3. Clinical applications of MSCs: Mesenchymal stem cells, the major stem cells for cell therapy, have been used in the clinic for approximately 10 years. Currently, 344 registered clinical trials in different clinical trial phases are aimed at evaluating the potential of MSC-based cell therapy worldwide. From animal models to clinical trials, MSCs have afforded promise in the treatment of numerous diseases. The ability of MSCs to differentiate into osteoblasts, tenocytes and chondrocytes has attracted interest for their use in orthopedic settings. First, MSCs have been shown to be beneficial in treating bone disorders, such as osteogenesis imperfecta (OI) and hypophosphatasia. Other promising therapeutic avenues for MSCs include the treatment of autoimmune disease, cardiovascular disease, liver disease and cancer.
4. Parabiosis: A San Francisco-based startup called Ambrosia recently commenced one of the trials on parabiosis. Their protocol is simple: Healthy participants aged 35 and older get a transfusion of blood plasma from donors under 25, and researchers monitor their blood over the next two years for molecular indicators of health and aging. The study is patient-funded; participants, who range in age from late 30s through 80s, must pay $8,000 to take part, and live in or travel to Monterey for treatments and follow-up assessments. Ambrosia’s founder Jesse Karmazin became interested in launching a company around parabiosis after seeing impressive data from animals and studies conducted abroad in humans: In one trial after another, subjects experience a reversal of aging symptoms across every major organ system. "The effects seem to be almost permanent," he says. "It's almost like there's a resetting of gene expression." This company has recently received funding from Peter Thiel. Infusing your own cord blood stem cells as you age may have tremendous longevity benefits.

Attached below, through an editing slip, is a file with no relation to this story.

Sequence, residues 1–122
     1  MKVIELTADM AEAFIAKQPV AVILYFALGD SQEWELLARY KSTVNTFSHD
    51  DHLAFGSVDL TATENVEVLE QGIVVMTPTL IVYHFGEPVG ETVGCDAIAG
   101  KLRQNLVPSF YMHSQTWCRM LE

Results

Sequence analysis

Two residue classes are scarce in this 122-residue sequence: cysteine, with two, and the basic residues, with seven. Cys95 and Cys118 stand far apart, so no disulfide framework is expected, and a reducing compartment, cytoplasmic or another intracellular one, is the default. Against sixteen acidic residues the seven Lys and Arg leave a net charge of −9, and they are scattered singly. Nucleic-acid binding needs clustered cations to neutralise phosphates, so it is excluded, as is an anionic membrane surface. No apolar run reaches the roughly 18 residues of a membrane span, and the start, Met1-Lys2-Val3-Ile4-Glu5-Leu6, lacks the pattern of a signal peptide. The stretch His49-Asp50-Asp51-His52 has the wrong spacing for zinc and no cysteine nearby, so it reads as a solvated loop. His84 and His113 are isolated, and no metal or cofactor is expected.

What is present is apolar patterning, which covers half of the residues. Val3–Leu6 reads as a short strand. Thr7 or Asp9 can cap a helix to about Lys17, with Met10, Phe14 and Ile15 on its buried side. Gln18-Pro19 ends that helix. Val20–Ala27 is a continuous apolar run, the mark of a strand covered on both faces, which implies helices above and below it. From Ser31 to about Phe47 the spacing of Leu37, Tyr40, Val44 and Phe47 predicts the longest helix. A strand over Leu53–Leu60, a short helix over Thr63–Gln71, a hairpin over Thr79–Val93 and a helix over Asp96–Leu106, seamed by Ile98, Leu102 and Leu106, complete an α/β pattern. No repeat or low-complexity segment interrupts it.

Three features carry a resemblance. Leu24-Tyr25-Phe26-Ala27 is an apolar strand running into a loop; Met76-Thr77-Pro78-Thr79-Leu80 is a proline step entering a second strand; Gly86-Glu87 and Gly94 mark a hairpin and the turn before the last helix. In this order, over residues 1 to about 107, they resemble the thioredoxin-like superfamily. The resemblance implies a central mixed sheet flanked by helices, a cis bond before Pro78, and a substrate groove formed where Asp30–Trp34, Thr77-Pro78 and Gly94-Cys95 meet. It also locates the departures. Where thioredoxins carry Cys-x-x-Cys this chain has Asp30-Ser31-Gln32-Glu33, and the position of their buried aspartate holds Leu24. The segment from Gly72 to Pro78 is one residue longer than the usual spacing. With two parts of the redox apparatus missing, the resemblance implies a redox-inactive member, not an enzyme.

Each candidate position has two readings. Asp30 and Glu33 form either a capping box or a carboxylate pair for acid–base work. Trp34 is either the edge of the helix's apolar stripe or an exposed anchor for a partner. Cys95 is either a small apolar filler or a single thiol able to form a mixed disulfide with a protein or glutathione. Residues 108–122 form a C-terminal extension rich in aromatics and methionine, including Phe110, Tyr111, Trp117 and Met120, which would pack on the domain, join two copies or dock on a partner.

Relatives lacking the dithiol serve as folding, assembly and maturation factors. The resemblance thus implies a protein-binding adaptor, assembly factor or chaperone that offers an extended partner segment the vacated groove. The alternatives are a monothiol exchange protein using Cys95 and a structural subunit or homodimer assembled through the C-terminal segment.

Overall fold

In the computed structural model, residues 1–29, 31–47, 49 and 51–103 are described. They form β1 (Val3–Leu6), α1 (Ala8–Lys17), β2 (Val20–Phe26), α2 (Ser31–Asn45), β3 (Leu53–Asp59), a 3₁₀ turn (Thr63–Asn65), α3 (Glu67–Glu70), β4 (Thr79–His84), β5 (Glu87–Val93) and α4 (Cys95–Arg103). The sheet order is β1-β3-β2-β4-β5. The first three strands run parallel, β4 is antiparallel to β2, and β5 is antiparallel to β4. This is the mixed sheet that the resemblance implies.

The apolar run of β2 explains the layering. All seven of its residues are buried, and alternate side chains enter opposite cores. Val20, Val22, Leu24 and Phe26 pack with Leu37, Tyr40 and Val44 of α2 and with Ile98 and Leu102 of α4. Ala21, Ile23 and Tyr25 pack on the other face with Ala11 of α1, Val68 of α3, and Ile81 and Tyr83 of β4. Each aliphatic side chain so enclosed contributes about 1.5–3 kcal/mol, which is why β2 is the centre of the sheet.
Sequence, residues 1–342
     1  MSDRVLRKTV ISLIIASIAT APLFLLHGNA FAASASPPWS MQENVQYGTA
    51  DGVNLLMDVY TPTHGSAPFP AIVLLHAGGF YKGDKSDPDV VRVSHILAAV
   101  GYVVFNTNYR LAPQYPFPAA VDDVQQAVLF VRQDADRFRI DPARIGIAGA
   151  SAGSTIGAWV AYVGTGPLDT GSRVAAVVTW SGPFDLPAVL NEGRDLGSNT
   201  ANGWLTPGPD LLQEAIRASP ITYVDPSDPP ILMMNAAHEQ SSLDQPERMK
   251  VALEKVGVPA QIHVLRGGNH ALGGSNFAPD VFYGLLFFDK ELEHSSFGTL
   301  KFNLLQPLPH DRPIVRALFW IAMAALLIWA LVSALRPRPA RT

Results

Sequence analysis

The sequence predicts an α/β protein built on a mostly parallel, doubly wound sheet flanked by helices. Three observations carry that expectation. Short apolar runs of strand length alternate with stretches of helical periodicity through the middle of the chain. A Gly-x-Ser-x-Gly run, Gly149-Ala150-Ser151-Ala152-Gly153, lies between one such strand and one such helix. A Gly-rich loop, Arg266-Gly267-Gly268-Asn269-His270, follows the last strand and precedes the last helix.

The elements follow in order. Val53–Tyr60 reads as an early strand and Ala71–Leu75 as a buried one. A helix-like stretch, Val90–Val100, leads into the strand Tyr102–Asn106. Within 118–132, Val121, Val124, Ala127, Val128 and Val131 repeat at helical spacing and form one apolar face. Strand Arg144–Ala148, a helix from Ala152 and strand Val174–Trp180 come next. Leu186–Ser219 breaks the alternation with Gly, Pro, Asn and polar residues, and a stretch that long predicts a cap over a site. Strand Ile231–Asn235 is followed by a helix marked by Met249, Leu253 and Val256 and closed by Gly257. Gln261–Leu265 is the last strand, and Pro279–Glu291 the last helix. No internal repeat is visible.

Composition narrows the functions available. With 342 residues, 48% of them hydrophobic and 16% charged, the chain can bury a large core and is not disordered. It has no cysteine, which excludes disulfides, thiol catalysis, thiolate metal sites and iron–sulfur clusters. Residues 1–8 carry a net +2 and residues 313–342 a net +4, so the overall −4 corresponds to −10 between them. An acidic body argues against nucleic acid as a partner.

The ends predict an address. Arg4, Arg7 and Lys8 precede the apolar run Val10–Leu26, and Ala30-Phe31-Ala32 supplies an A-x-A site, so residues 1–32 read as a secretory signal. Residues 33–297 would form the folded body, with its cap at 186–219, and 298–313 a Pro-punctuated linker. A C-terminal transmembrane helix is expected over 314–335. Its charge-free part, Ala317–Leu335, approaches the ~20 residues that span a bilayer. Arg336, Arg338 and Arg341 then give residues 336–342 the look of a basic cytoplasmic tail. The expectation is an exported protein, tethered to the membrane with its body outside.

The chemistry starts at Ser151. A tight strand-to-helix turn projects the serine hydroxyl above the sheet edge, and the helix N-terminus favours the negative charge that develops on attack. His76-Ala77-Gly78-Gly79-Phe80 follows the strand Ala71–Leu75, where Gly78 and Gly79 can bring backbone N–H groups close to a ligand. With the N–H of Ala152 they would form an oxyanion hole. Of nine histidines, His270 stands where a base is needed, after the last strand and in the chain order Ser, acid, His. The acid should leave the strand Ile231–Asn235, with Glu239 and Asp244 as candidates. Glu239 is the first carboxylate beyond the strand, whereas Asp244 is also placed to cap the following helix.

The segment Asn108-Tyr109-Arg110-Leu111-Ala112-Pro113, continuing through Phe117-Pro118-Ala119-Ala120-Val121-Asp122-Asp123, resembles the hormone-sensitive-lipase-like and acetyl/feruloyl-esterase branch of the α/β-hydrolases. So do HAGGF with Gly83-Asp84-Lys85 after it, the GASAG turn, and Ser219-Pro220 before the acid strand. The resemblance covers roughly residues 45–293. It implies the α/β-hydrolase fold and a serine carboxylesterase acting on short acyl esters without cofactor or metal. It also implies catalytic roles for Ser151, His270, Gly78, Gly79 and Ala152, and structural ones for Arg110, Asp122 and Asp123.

Recent Stem Cell Success Stories
Below are my top three stories demonstrating the incredible research and implications for stem cells over the past 12 months: